Anna Isaacson: 5 Fast Facts You Need to Know

Anna Isaacson

(Twitter/@AIfromBK)

Embattled NFL commissioner Roger Goodell has hired four women to help improve the league’s handling of domestic violence and other off-the-field issues that have tarnished the league’s image in recent weeks and led to calls for Goodell’s ousting.

Chief among the moves was the appointment of Anna Isaacson to the new position of vice president for social responsibility.

Isaacson, a California native and Barnard College graduate, had been the league’s vice president for community relations and philanthropy.

Here’s what you need to know:


1. Goodell Announced the Move in a Letter to Teams & Players Monday

(Getty)

(Getty)

Goodell, who’s come under intense criticism for the league’s handling of the Ray Rice scandal and other domestic violence issues, announced the move in a letter to league teams and players Monday.

The move comes as former FBI director Robert Mueller III is running an investigation into the league’s handling of the Rice issue and the league’s attempts to obtain video of Rice knocking out fiancee Janay Palmer in an Atlantic City casino elevator in February.

Goodell also announced the appointment of three female senior advisers to help shape the league’s policies toward domestic abuse and sexual assault.

You can read Goodell’s full letter here:

Roger Goodell Letter


2. Isaacson Had Been the League’s VP for Community Relations & Philanthropy

Isaacson, who’s worked for the NFL since 2006, had been serving as vice president for community relations and philanthropy.

She helped launch the league’s Play 60 Initiative and played a key role in the launch of Crucial Catch, the league’s breast cancer awareness campaign.

From Goodell’s letter:

Anna has devoted considerable attention to these issues in recent years and has developed strong relationships with both outside organizations and your staffs. Along with Director of Player Engagement and Education Deana Garner, Anna will lead our cross-organizational teams of employees in implementing these programs. We will work closely with your community relations, human resources and player engagement teams to implement programs in a way that is effective and beneficial for your own employees, their families and your communities. Needless to say, our entire office will be accountable for the success of these efforts and Anna and her team will have my full support.


3. She Used to Sell Souvenirs Outside Yankee Stadium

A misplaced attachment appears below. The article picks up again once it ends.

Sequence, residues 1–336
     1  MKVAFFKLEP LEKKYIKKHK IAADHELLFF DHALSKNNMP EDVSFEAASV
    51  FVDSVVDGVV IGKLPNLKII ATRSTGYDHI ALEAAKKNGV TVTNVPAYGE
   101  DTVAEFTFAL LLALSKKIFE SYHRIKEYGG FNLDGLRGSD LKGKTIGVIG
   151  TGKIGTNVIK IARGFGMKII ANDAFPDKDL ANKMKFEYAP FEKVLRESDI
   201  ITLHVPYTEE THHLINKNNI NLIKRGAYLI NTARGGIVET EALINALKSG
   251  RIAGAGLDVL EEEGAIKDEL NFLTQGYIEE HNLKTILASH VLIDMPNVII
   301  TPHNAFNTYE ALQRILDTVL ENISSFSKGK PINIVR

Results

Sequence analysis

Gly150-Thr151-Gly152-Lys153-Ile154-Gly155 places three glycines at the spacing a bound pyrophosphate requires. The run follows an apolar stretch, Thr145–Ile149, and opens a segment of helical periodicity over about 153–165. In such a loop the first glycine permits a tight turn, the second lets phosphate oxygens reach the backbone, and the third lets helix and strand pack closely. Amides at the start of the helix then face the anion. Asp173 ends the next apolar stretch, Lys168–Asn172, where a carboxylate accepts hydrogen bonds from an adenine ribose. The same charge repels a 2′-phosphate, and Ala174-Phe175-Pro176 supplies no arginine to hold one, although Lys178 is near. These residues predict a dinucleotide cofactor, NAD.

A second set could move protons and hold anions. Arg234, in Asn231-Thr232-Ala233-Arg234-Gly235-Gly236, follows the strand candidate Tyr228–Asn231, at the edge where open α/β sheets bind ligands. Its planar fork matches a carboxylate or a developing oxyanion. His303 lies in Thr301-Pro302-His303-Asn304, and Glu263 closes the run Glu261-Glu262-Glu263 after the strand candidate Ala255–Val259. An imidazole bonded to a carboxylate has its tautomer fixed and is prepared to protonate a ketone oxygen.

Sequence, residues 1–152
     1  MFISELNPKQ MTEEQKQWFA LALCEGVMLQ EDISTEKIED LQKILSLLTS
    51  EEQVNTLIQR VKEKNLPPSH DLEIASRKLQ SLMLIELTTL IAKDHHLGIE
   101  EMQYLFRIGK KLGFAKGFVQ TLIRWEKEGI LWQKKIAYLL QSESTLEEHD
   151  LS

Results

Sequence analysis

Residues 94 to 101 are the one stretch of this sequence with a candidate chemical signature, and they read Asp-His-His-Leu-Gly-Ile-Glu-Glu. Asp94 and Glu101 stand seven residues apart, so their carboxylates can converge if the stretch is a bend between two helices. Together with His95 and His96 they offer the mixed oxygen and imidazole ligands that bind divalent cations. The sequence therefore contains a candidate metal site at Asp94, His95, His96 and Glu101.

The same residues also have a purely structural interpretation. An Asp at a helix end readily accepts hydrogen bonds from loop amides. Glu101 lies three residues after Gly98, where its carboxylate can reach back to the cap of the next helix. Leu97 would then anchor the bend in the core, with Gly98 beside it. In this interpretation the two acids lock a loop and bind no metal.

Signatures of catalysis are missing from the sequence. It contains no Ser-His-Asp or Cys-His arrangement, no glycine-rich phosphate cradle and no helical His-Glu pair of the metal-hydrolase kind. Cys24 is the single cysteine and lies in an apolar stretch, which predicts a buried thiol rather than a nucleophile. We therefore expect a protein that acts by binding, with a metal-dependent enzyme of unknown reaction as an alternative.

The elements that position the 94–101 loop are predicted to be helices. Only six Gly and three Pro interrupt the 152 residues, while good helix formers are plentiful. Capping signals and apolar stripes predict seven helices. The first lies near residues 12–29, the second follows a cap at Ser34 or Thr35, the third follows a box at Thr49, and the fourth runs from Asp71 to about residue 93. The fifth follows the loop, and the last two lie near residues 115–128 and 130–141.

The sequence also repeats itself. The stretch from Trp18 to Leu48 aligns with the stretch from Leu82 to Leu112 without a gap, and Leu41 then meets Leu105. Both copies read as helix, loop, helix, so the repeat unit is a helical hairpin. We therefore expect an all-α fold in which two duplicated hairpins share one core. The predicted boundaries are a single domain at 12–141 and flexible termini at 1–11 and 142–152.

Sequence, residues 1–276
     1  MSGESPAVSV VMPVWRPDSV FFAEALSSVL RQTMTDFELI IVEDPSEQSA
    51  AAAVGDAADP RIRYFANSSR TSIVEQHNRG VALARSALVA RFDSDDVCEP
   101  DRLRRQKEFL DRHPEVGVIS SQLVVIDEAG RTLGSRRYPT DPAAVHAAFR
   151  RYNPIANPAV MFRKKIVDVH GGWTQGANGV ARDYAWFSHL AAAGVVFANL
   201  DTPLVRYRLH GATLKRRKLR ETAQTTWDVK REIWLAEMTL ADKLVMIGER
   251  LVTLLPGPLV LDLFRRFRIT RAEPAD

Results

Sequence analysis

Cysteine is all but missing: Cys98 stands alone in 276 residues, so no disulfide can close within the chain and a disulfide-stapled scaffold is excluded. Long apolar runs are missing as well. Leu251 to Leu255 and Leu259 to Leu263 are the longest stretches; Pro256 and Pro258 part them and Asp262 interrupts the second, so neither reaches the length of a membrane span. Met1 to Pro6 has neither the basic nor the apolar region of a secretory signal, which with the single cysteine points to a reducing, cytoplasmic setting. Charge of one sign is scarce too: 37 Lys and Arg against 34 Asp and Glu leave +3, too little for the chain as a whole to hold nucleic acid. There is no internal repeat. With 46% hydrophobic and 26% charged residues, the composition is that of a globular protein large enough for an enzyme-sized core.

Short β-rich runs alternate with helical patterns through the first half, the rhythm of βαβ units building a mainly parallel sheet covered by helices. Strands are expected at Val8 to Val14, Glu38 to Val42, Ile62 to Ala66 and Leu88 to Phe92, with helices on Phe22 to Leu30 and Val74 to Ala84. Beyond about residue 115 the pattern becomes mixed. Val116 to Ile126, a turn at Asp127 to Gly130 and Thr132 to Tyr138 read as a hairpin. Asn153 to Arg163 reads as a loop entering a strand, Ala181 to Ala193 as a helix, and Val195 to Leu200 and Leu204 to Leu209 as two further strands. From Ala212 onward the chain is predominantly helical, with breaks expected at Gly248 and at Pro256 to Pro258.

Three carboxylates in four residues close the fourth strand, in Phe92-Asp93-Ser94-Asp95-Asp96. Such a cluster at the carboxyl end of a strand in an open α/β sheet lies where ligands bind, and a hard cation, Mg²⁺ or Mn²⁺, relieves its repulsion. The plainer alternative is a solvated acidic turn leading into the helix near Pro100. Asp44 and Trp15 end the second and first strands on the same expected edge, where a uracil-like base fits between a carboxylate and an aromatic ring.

Old Yankee Stadium

(Getty)

According to a January 2014 profile in the New York Post, Isaacson got her start in sports with a part-time job selling souvenirs outside the old Yankee Stadium while she was a student at Barnard. She then got a job in the merchandising department for the Brooklyn Cyclones, the short-season Single A affiliate of the New York Mets, in 2001.

“I finally realized what I wanted to do,” Isaacson told the paper. “I love sports and helping the community.”

4. Her Husband Is a Doctor at the Columbia University Medical Center

Isaacson is married to David Kovacevic, a doctor at the Columbia University Medical Center. According to his LinkedIn profile, Kovacevic is a clinical fellow at Columbia’s Center for Shoulder, Elbow and Sports Medicine.

Prior to taking the job at Columbia, he was an orthopaedic surgery resident at the world renowned Cleveland Clinic.

According to the couple’s wedding website, Kovacevic popped the question to Isaacson on December 30, 2012 on the beach in Miami. The couple tied the knot on August 11, 2013 and celebrated at a reception at the View on the Hudson in Piermont, New York.


5. She Graduated From Barnard College in 2001

Barnard College, Anna Isaacson

(Wikipedia)

Isaacson has a degree from Barnard College, an all-women’s institution in New York City that’s affiliated with Columbia University and is one of the famous Seven Sisters.

3 Comments

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3 Comments

JPK

What real experience does she have in domestic violence, and what does she even begin to know anything about dv? DV is taking place in all races and all economic backgrounds. All these articles and everything points toward only one race? I do not understand this selection and what she could possibly do to help, recognize, or understand why DV even takes place.

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